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Nontraumatic Spinal Cord Injury (NT/SCI) William McKinley MD Dept PM&R Medical College of Virginia / Virginia Commonwealth University.

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Presentation on theme: "Nontraumatic Spinal Cord Injury (NT/SCI) William McKinley MD Dept PM&R Medical College of Virginia / Virginia Commonwealth University."— Presentation transcript:

1 Nontraumatic Spinal Cord Injury (NT/SCI) William McKinley MD Dept PM&R Medical College of Virginia / Virginia Commonwealth University

2 Objectives: NT/SCI w Importance / Incidence w Literature / Prior Studies w Etiologies / Clinical presentation w Prognosis / Rehabilitation Outcome

3 Importance of NT/SCI w Morbidity weakness, neurogenic bladder / bowel, spasticity, infections, venous thrombosis, depression w Loss of Function mobility, self-care, vocational, social w Cost of care hospitalization, home, lost wages

4 Importance: NT/SCI (cont.) w NT/SCI represents a significant % of SCI and of those undergoing SCI rehab w Common causes: Spinal Stenosis (SS), tumor, ischemia w Prior Literature: lacking for NT/SCI (demographics, clinical, outcomes) as opposed to Traumatic SCI (MVA, violence, falls)

5 Incidence: NT/SCI w Kurtzke (1975): Incidence = 8/100,000 w Gibson (1991): Stenosis 16%, Cancer 14% (SCI admissions) w Murray (1994): NT/SCI 31% (less than 40)(87% greater than age 40) w McKinley (1999): NT/SCI 39%, Stenosis 26%, Tumor 10%

6 SCI Etiology: MCV/VCU

7 Nontraumatic vs Traumatic SCI McKinley W, Seel R, Hardman J. Arch PM&R 80, , 1999 (Five year perspective study (N=220)) w 39% NT/SCI (26% SS, 10% tumor) (Comparison NT/SCI vs T/SCI) w Demographics: Significantly (P <.01) older (61 yr vs 39yr), married (57% vs 38%), female (50% vs 16%), retired (76% vs 33%)

8 NT/SCI vs T/SCI (cont..) w Injury characteristics: Significantly (P <.01) paraplegia (73% vs 55%)& incomplete SCI (91& vs 58%) w Outcomes: Significant FIM gains (admit-disch.) Similar FIM efficiency Similar discharge to home rates w “Matching study”: shorter rehab LOS (rehab charges), similar FIM efficiency,

9 Conclusions: NT/SCI vs T/SCI w Significant % of SCI w Represent different demographic make-up (older, married, not working) w Less severe neurological presentation (paraplegia. Incomplete) w Similar outcomes vs traumatic SCI w Further Studies: morbidity, long-term functional outcomes, cost, RTW, community reintegration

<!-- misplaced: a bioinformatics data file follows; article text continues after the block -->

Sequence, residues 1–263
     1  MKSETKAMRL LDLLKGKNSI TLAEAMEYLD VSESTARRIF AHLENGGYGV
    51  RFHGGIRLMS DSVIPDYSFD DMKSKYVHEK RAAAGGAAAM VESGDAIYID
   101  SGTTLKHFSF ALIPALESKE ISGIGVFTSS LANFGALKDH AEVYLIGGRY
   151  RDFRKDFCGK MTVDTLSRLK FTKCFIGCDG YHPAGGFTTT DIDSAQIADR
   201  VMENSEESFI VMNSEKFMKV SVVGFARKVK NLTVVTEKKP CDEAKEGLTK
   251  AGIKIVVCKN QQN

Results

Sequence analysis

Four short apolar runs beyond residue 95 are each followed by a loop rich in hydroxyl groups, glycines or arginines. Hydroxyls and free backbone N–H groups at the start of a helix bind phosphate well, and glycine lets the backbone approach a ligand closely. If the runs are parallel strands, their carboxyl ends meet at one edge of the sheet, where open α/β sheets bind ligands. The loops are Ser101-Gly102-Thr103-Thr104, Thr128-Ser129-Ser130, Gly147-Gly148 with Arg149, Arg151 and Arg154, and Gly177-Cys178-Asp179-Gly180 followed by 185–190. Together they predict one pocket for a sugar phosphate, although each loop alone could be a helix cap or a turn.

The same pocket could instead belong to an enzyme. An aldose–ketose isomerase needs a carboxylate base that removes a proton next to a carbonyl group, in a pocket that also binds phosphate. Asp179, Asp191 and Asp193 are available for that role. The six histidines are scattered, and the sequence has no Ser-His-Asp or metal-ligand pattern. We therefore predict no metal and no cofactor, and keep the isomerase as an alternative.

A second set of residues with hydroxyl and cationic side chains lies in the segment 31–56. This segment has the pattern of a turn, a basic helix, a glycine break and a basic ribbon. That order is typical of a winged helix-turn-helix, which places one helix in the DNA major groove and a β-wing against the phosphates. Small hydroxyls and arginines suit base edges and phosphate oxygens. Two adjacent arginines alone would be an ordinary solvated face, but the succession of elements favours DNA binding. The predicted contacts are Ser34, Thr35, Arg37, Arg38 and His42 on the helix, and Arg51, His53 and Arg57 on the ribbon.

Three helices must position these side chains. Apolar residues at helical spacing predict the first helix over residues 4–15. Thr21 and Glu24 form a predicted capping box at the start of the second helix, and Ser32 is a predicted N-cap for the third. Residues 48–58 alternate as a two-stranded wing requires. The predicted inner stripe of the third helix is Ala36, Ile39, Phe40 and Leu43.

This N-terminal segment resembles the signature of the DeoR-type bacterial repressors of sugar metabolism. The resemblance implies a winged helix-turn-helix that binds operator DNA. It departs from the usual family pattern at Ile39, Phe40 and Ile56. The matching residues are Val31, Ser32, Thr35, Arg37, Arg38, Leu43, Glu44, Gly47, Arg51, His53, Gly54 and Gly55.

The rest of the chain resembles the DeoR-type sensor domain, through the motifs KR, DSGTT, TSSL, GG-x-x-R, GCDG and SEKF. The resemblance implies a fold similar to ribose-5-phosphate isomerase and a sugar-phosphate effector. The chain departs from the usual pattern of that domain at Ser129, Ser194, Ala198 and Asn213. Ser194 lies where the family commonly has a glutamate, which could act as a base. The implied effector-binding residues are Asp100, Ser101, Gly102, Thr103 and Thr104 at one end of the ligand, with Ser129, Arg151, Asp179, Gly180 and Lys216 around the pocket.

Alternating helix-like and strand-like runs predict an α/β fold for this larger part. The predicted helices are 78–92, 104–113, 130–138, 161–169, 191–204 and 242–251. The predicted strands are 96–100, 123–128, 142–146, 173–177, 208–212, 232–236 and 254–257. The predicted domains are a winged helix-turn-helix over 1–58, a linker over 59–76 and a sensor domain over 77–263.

10 NT/SCI: Medical Complications NT/SCI (37) vs T/SCI (77) Spasticity* 22% 42% Orthostasis* 8% 38% DVT* 8% 22% Pneumonia* 5% 27% Aut. Dysreflexia* 0% 24% Wound infection 16% 3% Similar incidences: Pain, UTI, depression, pressure ulcers, GI bleeds, Het. Oss.

11 Etiologies: Nontraumatic SCI w Spinal Stenosis, Tumor, Vascular w Inflammatory infectious (viral, bacterial, fungal, parasitic) Non-infectious (transverse myelitis, MS, polio) w “Other” RA, Radiation, Syringomyelia, MND, vitamin B-12, Friedreich ataxia,

12 Spinal Stenosis w Spondylosis w/o neurological compression reported in 55% (>50 yr) and 75% (> 65yr) Anterior compression - vert. body osteophytes Posterior comp. - Lig. Flavum (extension) Lateral compression - intervertebral. Foramen w Commonly lower cervical (C4-7), lumbar (L2-4)-cord is mobile & widest w A-P canal (nl)17-18mm (Sx: < 12 mm)

13 Spondylosis (cont.) w Clinical: neck/back/radicular pain, asymmetric weakness, hyperreflexia, aggravated by standing/walking (extension) w Onset: gradual (months-years), stepwise deterioration with periods of stability w Dx: MRI*, X-ray (narrow disc space/sp. canal, foramina) (poor correlation with clinical finding), CT, myelogram, EMG

14 Rx: Nonsurgical vs Surgical (no prospective controlled clinical trials) w Nonsurgical: Patients without major neurological deficits (rest, traction, collar, PT, pain rx, bl/bwl) w Surgery Severe/prog. neuro, failed conservative Decompression CCS/good outcome consider complications (mortality 2%, worsening 2%, cost) Epstein (N=114) 36% improved, 38% stable, 26% worse

15 Rehab Outcome of Myelopathy from Spinal Stenosis (McKinley, Tellis, Cifu. J. Spinal Cord Med. 21(2) 131-6, 1998) w N=46, 59% lumbar & 41% cervical, 100% incomplete SCI w Results: older (68 vs 39 yr), female (46% vs 18%) married (57% vs 36%), unempl/retired (89% vs 43%) w Significant FIM gains w Similar outcomes vs T/SCI: FIM, LOS, D/C

16 Neoplastic Spinal Cord Compression (SCC) w Classification: Extramedullary (95%) Epidural – (55%)…*metastatic –(breast, lung, prostate, lymphoma) Intradural (40%) –(neurofibromas, meningioma) Intramedullary (5%) (gliomas)  Spinal cord : brain tumor (1:4)

17 Epidural Extramedullary

18 Metastatic Epidural SCC (MESCC) w Vertebral mets - seen 15-40% (100,000 yr)  Hemodynamic mets – bone marrow  Batsons epidural venous plexus – pelvic, abdominal and thoracic (valsalva, coughing)  Location: 85% vertebra, 10% paravert, 5% epidural w Primary site: breast, lung, prostate 50% (others: lymphoma, renal, MM) 9% of cases have unknown primary tumor Children: neuroblastoma, sarcoma, lymphoma

19 MESCC (cont.) w Epidural SCC occurs in 5% w Path: cord compression/ischemia  edema, demyelination, hemorrhage, cystic necrosis w Clinical: Onset: days to weeks, localized pain (95%), worse w/ supine, paresis is rare initial clinical finding but 75% have at dx (50% unable to ambulate, 15% paraplegic)  Thoracic 70%, Cervical 10%, Lumbar 20%